Thorough preparation gives you the best chance of winning 

There is no substitute for thorough preparation.  You need to know what to expect at your hearing, and be ready to answer any question that the Administrative Law Judge asks.  Yes, you testify – not your attorney.  The judge wants to hear about you from you, and that’s good!  Who knows what your life is like better than you?

Steven Shaw personally conducts your pre-hearing conferences to prepare you for your hearing, and these sessions are longer than your actual hearing.  Preparation involves two main topics – reviewing the medical evidence and preparing you for the conduct of the judge.

Learn more about the Administrative Law Judge hearing

Review of the medical evidence

Many people are surprised about what their doctors write about them in their treatment notes.  A person may describe their back pain as chronic and agonizing yet find out their doctor describes them as having moderate pain that is intermittent.  Where weakness is found in the written documents, it is all the more important to be able to accurately describe your symptoms at your hearing.

Preparing for your testimony

Each of the judges has their own style of conducting their hearings, and it is important to be confident that you are being heard at the hearing.  Some judges do not make eye contact, seem intent on taking notes, or are constantly staring at their computer monitor.  Some sound skeptical (or downright mean) as they ask questions.  When you know this in advance, you will not be distracted or upset by such behavior, and can concentrate on your responses to their questions.

You also need to be prepared to answer any question that may come up at the hearing.  Social Security utilizes word search software to scan documents to uncover evidence of substance abuse, disregarding doctor’s advice, working or engaging in activities such as vacationing and leisure activities that seem to indicate that a person is not totally disabled from working.  The judges ask about all these topics to decide whether a person is being truthful in court.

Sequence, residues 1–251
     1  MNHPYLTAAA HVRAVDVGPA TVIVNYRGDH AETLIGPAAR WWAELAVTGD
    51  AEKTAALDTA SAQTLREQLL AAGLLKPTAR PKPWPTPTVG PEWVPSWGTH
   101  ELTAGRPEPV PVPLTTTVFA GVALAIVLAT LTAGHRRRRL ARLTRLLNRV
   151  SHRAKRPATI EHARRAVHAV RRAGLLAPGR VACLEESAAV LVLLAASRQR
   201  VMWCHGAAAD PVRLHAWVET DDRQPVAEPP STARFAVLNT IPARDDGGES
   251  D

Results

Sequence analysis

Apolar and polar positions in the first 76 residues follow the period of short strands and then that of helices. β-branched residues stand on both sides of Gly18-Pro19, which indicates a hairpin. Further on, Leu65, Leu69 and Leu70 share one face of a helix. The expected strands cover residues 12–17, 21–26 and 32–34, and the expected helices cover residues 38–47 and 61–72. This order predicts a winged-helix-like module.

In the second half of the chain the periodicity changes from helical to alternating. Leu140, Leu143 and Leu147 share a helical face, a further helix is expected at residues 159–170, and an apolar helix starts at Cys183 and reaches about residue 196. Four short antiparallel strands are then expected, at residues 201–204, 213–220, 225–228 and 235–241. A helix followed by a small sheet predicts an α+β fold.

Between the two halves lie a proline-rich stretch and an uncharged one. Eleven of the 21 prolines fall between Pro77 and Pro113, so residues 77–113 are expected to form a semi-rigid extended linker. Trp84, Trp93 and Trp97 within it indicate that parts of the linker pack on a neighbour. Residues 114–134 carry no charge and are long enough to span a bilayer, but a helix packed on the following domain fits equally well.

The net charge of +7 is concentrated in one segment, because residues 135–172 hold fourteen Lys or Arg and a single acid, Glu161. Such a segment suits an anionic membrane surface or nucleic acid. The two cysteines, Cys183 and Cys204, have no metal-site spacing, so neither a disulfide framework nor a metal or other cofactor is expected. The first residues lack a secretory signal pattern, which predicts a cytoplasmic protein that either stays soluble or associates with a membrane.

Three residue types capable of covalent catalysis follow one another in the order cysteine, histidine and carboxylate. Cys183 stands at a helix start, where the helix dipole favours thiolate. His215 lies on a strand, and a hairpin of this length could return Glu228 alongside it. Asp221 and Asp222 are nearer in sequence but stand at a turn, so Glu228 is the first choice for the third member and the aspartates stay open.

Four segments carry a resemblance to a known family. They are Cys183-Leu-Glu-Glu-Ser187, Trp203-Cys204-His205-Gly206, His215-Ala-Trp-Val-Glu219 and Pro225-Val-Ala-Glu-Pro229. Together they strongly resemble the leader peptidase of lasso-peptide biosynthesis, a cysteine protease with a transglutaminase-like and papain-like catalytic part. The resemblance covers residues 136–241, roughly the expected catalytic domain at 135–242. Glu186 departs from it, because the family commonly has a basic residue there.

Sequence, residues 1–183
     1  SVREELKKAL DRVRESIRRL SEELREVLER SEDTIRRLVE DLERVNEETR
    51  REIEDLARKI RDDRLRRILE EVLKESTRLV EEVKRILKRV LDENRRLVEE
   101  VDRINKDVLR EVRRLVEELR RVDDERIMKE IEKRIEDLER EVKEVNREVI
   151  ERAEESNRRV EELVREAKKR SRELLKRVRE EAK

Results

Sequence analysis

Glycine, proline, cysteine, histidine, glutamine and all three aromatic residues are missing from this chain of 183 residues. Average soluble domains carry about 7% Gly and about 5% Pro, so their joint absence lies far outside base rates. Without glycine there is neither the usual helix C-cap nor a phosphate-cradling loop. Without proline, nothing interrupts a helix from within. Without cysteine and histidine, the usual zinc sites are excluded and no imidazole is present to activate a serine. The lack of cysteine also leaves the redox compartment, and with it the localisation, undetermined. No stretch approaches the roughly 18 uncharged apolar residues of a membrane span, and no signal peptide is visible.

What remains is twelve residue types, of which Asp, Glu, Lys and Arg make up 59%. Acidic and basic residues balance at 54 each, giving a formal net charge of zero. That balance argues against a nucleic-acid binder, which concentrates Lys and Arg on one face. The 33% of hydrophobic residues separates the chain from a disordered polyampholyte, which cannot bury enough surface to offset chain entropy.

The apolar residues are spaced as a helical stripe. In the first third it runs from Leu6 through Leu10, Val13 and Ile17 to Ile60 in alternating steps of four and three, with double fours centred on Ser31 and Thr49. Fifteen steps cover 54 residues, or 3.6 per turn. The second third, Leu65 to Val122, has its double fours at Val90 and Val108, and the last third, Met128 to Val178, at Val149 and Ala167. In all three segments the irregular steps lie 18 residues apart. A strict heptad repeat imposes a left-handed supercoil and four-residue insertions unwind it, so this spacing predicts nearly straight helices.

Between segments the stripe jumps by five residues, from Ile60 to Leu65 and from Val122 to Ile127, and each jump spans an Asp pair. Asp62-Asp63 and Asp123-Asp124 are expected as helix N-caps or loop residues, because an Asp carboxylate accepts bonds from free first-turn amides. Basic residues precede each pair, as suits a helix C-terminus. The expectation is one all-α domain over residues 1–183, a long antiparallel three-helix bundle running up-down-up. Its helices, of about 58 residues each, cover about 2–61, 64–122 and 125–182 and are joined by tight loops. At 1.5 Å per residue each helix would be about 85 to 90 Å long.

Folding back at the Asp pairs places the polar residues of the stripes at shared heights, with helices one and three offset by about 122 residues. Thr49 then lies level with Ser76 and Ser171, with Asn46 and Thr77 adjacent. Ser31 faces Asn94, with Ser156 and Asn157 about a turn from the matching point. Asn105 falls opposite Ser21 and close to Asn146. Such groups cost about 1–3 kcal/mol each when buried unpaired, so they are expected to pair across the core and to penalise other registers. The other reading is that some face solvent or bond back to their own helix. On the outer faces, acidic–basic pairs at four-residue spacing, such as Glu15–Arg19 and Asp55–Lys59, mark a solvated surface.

My preparation for your hearing includes personally reading every word of the medical evidence in your claim file, and assembling a timeline for each of your conditions and their treatment.  I also review all of the procedural aspects of a claim, including application date, to make certain that the maximum amount of back benefits is being requested.  Social Security regulations make it easier to receive disability the closer a person gets to retirement age, and I review claims to determine if asking for a shorter time period of back benefits places a person in a more advantageous age category.

Professional Follow-Through

If you are one of the many successful clients of Steven Shaw, his assistance is not over when you are awarded your benefits.  He continues to work on your behalf to make sure that you are paid the correct amount of retroactive benefits and you (and possibly your minor children) are in pay status for your monthly benefits.  He can also advise you regarding your earnings and reporting responsibilities to Social Security if and when you are capable of returning to work.

Local vs. nationwide representatives

There is a huge difference between hiring a local firm and a nationwide firm.  As you’ve read in other parts of my website, I prepare my clients for their hearings with as many one-on-one preparations appointments as necessary to give my clients a clear understanding of what will happen at the hearing, what kind of style the Administrative Law Judge uses as they conduct a hearing, and suggestions as to how to effectively speak about their symptoms and limitations.

Nationwide firms contract with attorneys (who usually do not have a successful practice of their own) and pay them a small fee to meet their clients 15 to 30 minutes prior to their hearing and appear at the hearing.  Unlike an attorney like me, they get paid whether you win or lose.  Do you think they really care whether you win or lose?

Attorney vs. non-attorney advocate

Although a person does not have to be an attorney to represent a person’s Social Security claim,  by hiring an attorney you have certain protections against improper conduct that you do not have by being represented by a non-attorney advocate.  Attorneys are licensed by state bar associations and are subject to suspension or disbarment if their conduct merits punishment.

Another consideration is whether a non-attorney is as well prepared to make court appearances as someone who has graduated from law school and passed the state bar examination.

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